On any given day, over 28,000 employees file into Lehman Brothers' 61 worldwide offices and sit down to work at their desks.

Many of them spent Monday morning cleaning them out.

“It's more devastating than I care to discuss," said one employee, who declined to give his name as he walked outside the investment firm's midtown Manhattan headquarters, carrying a shopping bag stuffed with paintings that once hung in his office.

“There's a lot of anger and feelings of uncertainty," he said. "It's not just about losing a job. I'll find another one. I've worked here for over 15 years and had a lot of wealth invested in this firm."

While no layoffs were officially announced, Lehman Brothers filed the largest bankruptcy in U.S. history on Monday, valued at $639 billion. The 158-year-old investment firm — smothered by the credit crisis and falling real estate values — filed for Chapter 11 protection to keep creditors at bay while it figures out how to restructure itself. The firm's last hope of surviving outside of court protection faded Sunday after British bank Barclays PLC withdrew its bid to buy the investment bank.

The bankruptcy filing marks the end of a Wall Street firm that started the U.S. cotton trade before the Civil War and financed the railroads that built a nation.

"It's sad and shocking," said a former Lehman Brothers equity research associate, who worked for the firm from 2001 to 2006 and declined to give his name. "This is one of the oldest financial institutions and every kid's dream after graduating from the Ivy league. It's very difficult to accept," he said.

But many employees — though angered — said they did not blame the federal government for its refusal to rescue the investment giant from bankruptcy.

"Do I think it's unfair the government hasn't rescued us as they did Bear Stearns and Freddie Mac and Fanny Mae? No, not at all," said Alan Miles, a Lehman employee. "About 70 percent of us in there are liberal Democrats, but we believe in capitalist markets and therefore I do not blame the government," he said.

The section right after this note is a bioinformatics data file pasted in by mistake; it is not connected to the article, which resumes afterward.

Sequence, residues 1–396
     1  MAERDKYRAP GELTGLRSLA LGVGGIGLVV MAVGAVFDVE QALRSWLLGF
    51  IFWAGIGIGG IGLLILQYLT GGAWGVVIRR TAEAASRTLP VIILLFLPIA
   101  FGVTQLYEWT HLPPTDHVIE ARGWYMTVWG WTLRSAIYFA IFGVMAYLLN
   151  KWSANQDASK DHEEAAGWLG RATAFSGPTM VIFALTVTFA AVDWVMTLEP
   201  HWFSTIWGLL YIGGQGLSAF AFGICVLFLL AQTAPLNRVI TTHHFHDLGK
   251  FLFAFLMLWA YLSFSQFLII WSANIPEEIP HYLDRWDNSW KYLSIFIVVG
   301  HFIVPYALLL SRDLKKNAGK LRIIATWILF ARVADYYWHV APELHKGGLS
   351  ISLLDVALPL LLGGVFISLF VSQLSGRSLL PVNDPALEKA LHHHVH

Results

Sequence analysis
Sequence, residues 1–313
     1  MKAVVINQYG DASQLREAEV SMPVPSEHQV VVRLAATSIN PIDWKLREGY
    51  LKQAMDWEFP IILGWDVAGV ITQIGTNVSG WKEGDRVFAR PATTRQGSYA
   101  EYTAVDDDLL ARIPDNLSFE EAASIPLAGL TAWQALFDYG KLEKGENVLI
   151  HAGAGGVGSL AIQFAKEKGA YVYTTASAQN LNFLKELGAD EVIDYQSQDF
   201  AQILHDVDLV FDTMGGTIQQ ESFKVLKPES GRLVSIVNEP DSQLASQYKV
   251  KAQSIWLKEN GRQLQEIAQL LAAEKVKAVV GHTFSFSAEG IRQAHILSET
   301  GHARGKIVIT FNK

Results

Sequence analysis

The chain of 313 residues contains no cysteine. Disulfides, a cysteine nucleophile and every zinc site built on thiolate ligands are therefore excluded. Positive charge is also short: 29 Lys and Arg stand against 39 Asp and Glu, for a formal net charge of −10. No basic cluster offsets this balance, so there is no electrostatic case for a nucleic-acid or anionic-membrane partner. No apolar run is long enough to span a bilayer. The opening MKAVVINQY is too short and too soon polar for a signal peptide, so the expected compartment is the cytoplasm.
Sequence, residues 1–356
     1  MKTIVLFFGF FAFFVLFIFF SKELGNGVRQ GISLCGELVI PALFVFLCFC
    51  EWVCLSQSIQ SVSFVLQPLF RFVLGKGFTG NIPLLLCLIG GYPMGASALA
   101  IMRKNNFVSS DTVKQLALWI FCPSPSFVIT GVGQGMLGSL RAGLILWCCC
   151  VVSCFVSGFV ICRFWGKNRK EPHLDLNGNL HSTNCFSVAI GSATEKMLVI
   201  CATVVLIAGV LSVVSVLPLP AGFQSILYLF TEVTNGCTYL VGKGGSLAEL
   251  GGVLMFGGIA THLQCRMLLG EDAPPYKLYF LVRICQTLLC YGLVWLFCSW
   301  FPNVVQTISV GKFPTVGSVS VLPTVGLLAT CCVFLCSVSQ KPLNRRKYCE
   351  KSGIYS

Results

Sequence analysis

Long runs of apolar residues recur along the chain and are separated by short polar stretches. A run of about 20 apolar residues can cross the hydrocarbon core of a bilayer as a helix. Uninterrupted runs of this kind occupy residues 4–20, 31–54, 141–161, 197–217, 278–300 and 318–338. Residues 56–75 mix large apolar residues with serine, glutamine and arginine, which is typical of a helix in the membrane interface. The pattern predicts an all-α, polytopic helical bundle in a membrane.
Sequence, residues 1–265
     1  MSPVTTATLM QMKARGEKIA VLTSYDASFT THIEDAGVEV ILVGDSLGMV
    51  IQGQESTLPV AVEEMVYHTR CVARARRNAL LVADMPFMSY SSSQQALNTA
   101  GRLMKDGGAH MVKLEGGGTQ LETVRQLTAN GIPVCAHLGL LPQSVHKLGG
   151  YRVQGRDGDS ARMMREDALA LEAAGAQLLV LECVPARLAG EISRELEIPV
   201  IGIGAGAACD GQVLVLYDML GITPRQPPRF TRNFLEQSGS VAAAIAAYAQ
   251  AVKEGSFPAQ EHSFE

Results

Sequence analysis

Another employee — who identified himseld only as "Eli" — said the crisis is "much larger than just the U.S. economy."

"I don’t think that President Bush or either U.S. presidential candidate can do much about it," he said. "This will require major global economic turnaround."

Eli — who said he'd worked in Lehman Brothers' fixed income division for two years — told FOXNews.com that he heard about the bankruptcy filing after watching the news.

"As of Monday morning, no official statement had been sent out to us," he said. "We were just told to come into work to conduct business as usual."

Eli described his coworkers are "shocked and saddened" by the firm's collapse, but "keeping a smiling face by laughing and joking."

"We're all exchanging contact information so we can stay in touch and be there for each other," he said.

"There's a lot of joking going inside this building this morning," added another employee. "We don't know where we'll go from here, but we're doing our best to stay strong."

The Associated Press contributed to this report.